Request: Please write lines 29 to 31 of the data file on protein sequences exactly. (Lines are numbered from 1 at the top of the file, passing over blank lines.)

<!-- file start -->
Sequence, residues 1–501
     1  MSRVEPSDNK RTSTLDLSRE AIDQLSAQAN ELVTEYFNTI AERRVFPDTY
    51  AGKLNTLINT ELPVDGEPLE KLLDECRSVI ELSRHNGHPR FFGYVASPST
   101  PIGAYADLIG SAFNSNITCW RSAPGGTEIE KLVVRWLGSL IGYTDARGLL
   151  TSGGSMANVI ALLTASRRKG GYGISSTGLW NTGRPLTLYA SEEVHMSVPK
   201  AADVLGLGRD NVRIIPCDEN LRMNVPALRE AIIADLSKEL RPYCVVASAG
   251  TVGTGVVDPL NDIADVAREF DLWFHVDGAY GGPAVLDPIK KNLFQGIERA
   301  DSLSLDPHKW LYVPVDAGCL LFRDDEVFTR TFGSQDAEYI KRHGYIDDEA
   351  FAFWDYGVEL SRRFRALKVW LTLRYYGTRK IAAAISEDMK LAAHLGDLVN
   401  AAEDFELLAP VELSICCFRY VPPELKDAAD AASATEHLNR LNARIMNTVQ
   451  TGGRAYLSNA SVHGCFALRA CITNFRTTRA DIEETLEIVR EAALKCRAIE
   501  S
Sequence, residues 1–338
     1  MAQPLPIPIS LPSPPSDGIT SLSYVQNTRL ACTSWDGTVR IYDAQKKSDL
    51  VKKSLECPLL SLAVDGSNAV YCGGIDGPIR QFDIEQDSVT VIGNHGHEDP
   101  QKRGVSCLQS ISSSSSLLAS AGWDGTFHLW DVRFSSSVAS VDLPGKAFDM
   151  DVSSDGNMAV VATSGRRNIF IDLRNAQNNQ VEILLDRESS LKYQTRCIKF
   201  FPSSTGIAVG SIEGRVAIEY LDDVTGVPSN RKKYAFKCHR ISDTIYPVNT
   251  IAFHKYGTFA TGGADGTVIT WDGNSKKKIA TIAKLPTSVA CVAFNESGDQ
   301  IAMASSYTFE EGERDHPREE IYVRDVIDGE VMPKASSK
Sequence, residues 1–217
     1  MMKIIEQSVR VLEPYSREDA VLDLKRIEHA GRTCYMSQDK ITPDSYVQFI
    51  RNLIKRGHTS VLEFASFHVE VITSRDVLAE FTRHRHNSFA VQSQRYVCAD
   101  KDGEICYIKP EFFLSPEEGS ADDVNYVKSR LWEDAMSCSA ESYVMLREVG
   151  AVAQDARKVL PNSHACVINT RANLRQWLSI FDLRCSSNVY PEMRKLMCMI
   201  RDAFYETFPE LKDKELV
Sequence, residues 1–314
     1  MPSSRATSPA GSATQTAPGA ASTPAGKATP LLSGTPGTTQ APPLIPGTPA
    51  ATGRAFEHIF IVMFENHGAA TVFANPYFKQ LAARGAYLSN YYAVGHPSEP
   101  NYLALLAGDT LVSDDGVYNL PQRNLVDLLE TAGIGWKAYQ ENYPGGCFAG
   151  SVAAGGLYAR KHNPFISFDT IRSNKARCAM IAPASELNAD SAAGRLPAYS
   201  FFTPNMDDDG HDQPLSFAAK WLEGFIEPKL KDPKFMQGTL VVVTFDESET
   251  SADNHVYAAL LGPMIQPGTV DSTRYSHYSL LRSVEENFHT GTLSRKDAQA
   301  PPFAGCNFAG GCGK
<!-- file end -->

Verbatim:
    51  ATGRAFEHIF IVMFENHGAA TVFANPYFKQ LAARGAYLSN YYAVGHPSEP
   101  NYLALLAGDT LVSDDGVYNL PQRNLVDLLE TAGIGWKAYQ ENYPGGCFAG
   151  SVAAGGLYAR KHNPFISFDT IRSNKARCAM IAPASELNAD SAAGRLPAYS